A Companion to Early Modern Lima introduces readers to the Spanish American city which became a vibrant urban center in the sixteenth-century world. As part of Brill's Companions to the Americas series, this volume presents current interdisciplinary research focused on the Peruvian viceregal capital. From ancient roots to its foundation by Pizarro, Lima was transformed into an imperial capital positioned between Atlantic and Pacific exchange networks. An international team of scholars examines issues ranging from literary history, politics, and religion to philosophy, historiography, and modes of intercontinental influence. The volume is divided into four sections: urban development, politics and government, society, and culture. The essays collectively represent the scope of contemporary approaches, methodologies, and source materials pertinent to the study of sixteenth-century Lima, a city at the center of global interchange in the early modern world.
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Aztec Religion and Art of Writing

Investigating Embodied Meaning, Indigenous Semiotics, and the Nahua Sense of Reality

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Isabel Laack

In her groundbreaking investigation from the perspective of the aesthetics of religion, Isabel Laack explores the religion and art of writing of the pre-Hispanic Aztecs of Mexico. Inspired by postcolonial approaches, she reveals Eurocentric biases in academic representations of Aztec cosmovision, ontology, epistemology, ritual, aesthetics, and the writing system to provide a powerful interpretation of the Nahua sense of reality.

Laack transcends the concept of “sacred scripture” traditionally employed in religions studies in order to reconstruct the Indigenous semiotic theory and to reveal how Aztec pictography can express complex aspects of embodied meaning. Her study offers an innovative approach to nonphonographic semiotic systems, as created in many world cultures, and expands our understanding of human recorded visual communication.

This book will be essential reading for scholars and readers interested in the history of religions, Mesoamerican studies, and the ancient civilizations of the Americas.

'This excellent book, written with intellectual courage and critical self-awareness, is a brilliant, multilayered thought experiment into the images and stories that made up the Nahua sense of reality as woven into their sensational ritual performances and colorful symbolic writing system.'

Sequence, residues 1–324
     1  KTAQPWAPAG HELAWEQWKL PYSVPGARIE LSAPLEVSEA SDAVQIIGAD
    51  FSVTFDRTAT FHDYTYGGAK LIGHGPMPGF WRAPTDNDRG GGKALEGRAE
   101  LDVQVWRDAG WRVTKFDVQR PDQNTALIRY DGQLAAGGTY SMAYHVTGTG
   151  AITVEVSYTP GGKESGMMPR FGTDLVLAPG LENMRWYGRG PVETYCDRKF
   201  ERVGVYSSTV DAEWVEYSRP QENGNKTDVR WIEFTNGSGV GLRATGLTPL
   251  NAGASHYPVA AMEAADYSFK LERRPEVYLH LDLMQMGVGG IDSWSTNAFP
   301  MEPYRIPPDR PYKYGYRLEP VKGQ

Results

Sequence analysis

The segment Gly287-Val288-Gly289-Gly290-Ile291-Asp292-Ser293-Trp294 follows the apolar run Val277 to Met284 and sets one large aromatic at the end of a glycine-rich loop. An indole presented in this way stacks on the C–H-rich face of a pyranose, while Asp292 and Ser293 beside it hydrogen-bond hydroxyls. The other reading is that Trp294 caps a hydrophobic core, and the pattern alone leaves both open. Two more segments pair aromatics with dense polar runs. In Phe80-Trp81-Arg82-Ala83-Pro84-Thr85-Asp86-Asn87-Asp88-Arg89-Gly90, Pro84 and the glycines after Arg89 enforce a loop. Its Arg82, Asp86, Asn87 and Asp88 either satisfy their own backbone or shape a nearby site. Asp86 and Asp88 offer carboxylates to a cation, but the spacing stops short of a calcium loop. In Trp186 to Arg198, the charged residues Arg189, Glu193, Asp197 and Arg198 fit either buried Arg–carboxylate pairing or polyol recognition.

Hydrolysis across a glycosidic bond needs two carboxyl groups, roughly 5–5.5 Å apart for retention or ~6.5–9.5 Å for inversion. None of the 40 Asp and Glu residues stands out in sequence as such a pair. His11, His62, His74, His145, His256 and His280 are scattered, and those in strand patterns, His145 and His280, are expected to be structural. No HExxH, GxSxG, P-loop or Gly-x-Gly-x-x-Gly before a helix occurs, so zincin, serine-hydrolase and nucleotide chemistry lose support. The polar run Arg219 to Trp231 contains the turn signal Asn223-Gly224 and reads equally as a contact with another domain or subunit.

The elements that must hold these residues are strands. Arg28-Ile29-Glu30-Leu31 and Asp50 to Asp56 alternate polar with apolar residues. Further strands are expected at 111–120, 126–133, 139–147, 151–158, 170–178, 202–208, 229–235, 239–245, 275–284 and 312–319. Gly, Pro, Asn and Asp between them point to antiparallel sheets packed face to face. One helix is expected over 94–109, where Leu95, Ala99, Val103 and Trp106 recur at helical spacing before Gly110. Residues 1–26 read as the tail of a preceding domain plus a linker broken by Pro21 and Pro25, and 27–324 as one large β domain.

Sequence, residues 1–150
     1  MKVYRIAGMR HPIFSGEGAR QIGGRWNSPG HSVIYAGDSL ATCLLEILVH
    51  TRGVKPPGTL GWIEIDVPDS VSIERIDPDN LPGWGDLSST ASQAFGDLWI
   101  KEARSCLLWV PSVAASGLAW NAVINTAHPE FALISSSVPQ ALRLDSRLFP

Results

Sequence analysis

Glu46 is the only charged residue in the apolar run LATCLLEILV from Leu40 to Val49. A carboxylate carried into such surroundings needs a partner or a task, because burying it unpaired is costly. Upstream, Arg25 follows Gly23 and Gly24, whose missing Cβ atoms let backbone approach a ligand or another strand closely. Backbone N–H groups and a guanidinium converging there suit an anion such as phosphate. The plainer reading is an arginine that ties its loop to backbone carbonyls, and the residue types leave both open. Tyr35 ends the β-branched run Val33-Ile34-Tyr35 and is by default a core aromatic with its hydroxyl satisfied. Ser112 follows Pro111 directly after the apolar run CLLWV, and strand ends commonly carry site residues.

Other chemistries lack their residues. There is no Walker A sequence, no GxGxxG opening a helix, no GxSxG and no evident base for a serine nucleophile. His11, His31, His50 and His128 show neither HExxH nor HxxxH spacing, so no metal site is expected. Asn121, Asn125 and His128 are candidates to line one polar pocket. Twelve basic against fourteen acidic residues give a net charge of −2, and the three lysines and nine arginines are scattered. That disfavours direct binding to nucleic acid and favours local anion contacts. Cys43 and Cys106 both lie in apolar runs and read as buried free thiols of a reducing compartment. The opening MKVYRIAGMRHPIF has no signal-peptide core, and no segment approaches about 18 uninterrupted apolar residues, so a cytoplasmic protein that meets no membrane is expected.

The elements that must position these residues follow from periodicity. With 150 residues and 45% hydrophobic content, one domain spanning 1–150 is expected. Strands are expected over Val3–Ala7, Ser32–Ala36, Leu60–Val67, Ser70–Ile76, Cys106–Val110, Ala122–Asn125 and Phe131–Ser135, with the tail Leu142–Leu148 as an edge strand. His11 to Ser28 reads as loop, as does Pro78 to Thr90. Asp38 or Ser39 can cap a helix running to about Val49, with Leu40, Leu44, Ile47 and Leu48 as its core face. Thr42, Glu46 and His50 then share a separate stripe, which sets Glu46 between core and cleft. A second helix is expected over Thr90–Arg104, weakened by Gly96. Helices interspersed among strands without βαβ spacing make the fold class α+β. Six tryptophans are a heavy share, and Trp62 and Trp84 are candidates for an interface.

Davíd Carrasco, Harvard University
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Carlos van Tongeren

In recent years, both the intellectual lucidity of melancholy and the liberating potentials of comedy, irony and humour have emerged as central preoccupations in critical theory and literary criticism. In this book, Carlos van Tongeren offers a thorough and innovative reflection on the intersections between comedy and melancholy. Through detailed readings of almost twenty novels by three key writers of detective fiction in the Spanish-speaking world, he puts diverse melancholic attitudes towards the past and the multiple “surplus” values of comedy into a clear historical perspective. As such, this book provides a profound understanding of how comedy and melancholy have shaped Hispanic detective fiction following wider political and cultural developments in the post-totalitarian contexts of Spain, Mexico and Cuba.

En años recientes, la lucidez intelectual de la melancolía y los potenciales liberadores de la comedia, la risa y el humor han emergido como preocupaciones centrales en la teoría crítica y crítica literaria. En este libro, Carlos van Tongeren ofrece una reflexión profunda e innovadora sobre las intersecciones entre la comedia y la melancolía. A través de una lectura detallada de una veintena de novelas de representantes clave de la ficción policiaca en el mundo hispanohablante, el autor muestra cómo la comedia y la melancolía han influido en la ficción policiaca en español, de acuerdo con cambios políticos y culturales más amplios en los contextos postotalitarios de España, México y Cuba.
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Carlos van Tongeren

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Carlos van Tongeren

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Comunidades a flote

Comedia y melancolía en Padura

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Carlos van Tongeren